Civet Coffee     Kopi Luwak
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Civet Coffee Kopi Luwak

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What is “Poop coffee”?

Civet Coffees of the World

Philippine Civet Coffee

Civet Coffee Two

Indonesian Civet Coffee

Vietnam Civet Coffee

Simulated Civet Coffee

Kopi Luwak Three

How To Buy Civet Coffee - The World’s Most Expensive Coffee

Civet Coffee Characteristics - Flavors, Aromas, and Coffee Quality 

Why Civet Coffee Lacks Bitterness

Why Civet Coffee Beans Are Only Lightly Roasted

Digesting the Coffee Beans - What Happens Inside the Civet’s Stomach?

Farmed Civet Coffee Compared To Wild-Collected Civet Coffee

Coffee Bean Varietals Used For Civet Coffee

Questions About Bacterial Contamination of Civet Coffee

What Is An Asian Palm Civet?

Civet Coffee Four

Scientific Classification of Asian Palm Civet (Paradoxurus Hermaphroditus)

Other Animals Besides The Civet That Produce “Poop Coffee”

Brewing Civet Coffee

Five Steps To Civet Coffee

Top Ten Names For Poop Coffee

Ten Names for Asian Palm Civets

The Philippine Civet Conservation Project

Kopi Luwak Five

FAQ - Frequently Asked Questions

What is Civet coffee?

What is a Civet?

Where do Civet’s live?

Where are the main places Civet coffee is produced?

Is Civet coffee prepared in any other ways than traditional hot, brewed coffee?

Which country produces the most Civet coffee?

Is Civet coffee the most expensive coffee in the world?

Where is most Civet coffee sold?

Is Civet coffee sold by the cup outside of Southeast Asia?

Is the Civet an endangered species?

What do the Civet coffee beans look like after they have been defecated?

Why do Civets eat coffee fruit?

How long are the coffee beans inside the Civet’s digestive tract?

What do the Civet coffee beans look like when they are defecated?

Does all Civet coffee taste the same?

What are the most common types of coffee plants used for Civet coffee in Sumatra?

What are the most common types of coffee plants used for Civet coffee in Sumatra?

What does Civet coffee taste like?

Fake Civet Coffee - Buyer Beware 

What is “Poop coffee”?

What many people refer to as “Poop Coffee” is more properly known as Civet Coffee because a nocturnal, cat-like animal called the Civet has eaten the coffee fruits and defecated out the partly digested remains including the inner seeds of the fruits, which are the coffee beans.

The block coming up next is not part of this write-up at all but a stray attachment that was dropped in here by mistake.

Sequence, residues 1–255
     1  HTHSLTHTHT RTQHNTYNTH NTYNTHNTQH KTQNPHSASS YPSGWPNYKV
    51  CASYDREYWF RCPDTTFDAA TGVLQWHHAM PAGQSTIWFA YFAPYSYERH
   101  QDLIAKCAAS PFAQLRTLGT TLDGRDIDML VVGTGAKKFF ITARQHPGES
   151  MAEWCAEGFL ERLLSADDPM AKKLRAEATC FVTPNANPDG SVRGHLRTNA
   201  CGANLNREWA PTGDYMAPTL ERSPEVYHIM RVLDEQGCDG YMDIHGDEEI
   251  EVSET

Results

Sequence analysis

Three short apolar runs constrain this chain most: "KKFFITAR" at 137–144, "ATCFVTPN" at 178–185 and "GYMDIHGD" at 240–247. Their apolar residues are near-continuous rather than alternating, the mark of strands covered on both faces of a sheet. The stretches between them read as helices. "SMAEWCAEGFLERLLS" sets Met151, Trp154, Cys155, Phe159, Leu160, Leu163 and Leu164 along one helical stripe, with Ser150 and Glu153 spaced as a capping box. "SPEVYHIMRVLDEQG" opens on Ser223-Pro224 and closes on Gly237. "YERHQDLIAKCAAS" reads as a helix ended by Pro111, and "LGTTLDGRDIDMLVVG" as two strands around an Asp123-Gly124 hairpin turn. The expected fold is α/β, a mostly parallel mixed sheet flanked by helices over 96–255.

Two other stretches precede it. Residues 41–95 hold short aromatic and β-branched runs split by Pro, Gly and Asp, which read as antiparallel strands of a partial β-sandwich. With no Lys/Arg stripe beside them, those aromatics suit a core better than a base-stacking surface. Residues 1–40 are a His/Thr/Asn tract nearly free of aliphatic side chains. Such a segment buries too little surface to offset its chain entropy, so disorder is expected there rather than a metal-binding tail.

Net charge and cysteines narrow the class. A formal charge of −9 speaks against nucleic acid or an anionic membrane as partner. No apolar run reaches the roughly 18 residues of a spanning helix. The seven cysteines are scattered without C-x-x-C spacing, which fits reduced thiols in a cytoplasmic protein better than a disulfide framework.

These furry, long-tailed Civets readily eat coffee fruit, known as coffee cherry. Civets savor the sweet, fleshy pulp, or mucilage, that is contained between the outer skin of the cherry and the inner seed (coffee bean).

Civets have a unique ability to pick only the perfectly ripe coffee cherry, and this results in consistently high quality coffee beans when the droppings of wild Civets are collected. 

Adding to the high quality of Civet coffee beans are certain chemical processes that occur within the beans while they are in the Civet’s stomach. These chemical processes create unique flavors and aromas in the beans and make them highly valued by coffee connoisseurs.

Most Civet coffee is produced in Sumatra and elsewhere in Indonesia where it is known as Kopi Luwak. Civet Coffee is also popular in the Cordillera where it is known as Motit Coffee and in the Philippines where it is known as Kape Alamid.

Civet Coffees of the World

The primary countries where Civet coffee is produced include Sumatra, Sulawesi, Bali, Vietnam, and the Philippines. Sumatra is the largest producer.

Philippine Civet Coffee

In the Philippines, Civet coffee is called Kape Alamid or Tagalog Cafe Alamid (Alamid Cafe) in Tagalog areas, and is known as Motit coffee in the highland regions of the Cordillera. Kape Alamid is sold throughout the Batangas region of the Philippines as well as in shops near Philippine airports.

The Philippine government considers the Civet (Paradoxorus Philippinensis) an endangered species and thus works with private foundations to help preserve the animal species as well as the Liberica coffee plant species that are grown to feed the animals and create the Civet coffee.

In the Cordillera Mountain Range of the Philippines in North Luzon is a Civet Conservation Project that allows wild Civets to feed on the fruit of coffee trees. The coffee is organic and shade-grown, and the conservation area helps to preserve the Civets as well as provide income for the local farmers. This highland coffee forest is part of the Julia Campbell Agro-Forest Memorial Park.

Cafe (Coffee) Alamid produced by Arengga in the Philippines uses Arabica, Liberica, and Excelsa coffee bean varietals and markets Civet Coffee from 20 independent Civet Coffee gatherers of the high-altitude forests. The coffee is given a medium roast and then packaged in a 100-gram bottle that is vacuum-sealed.

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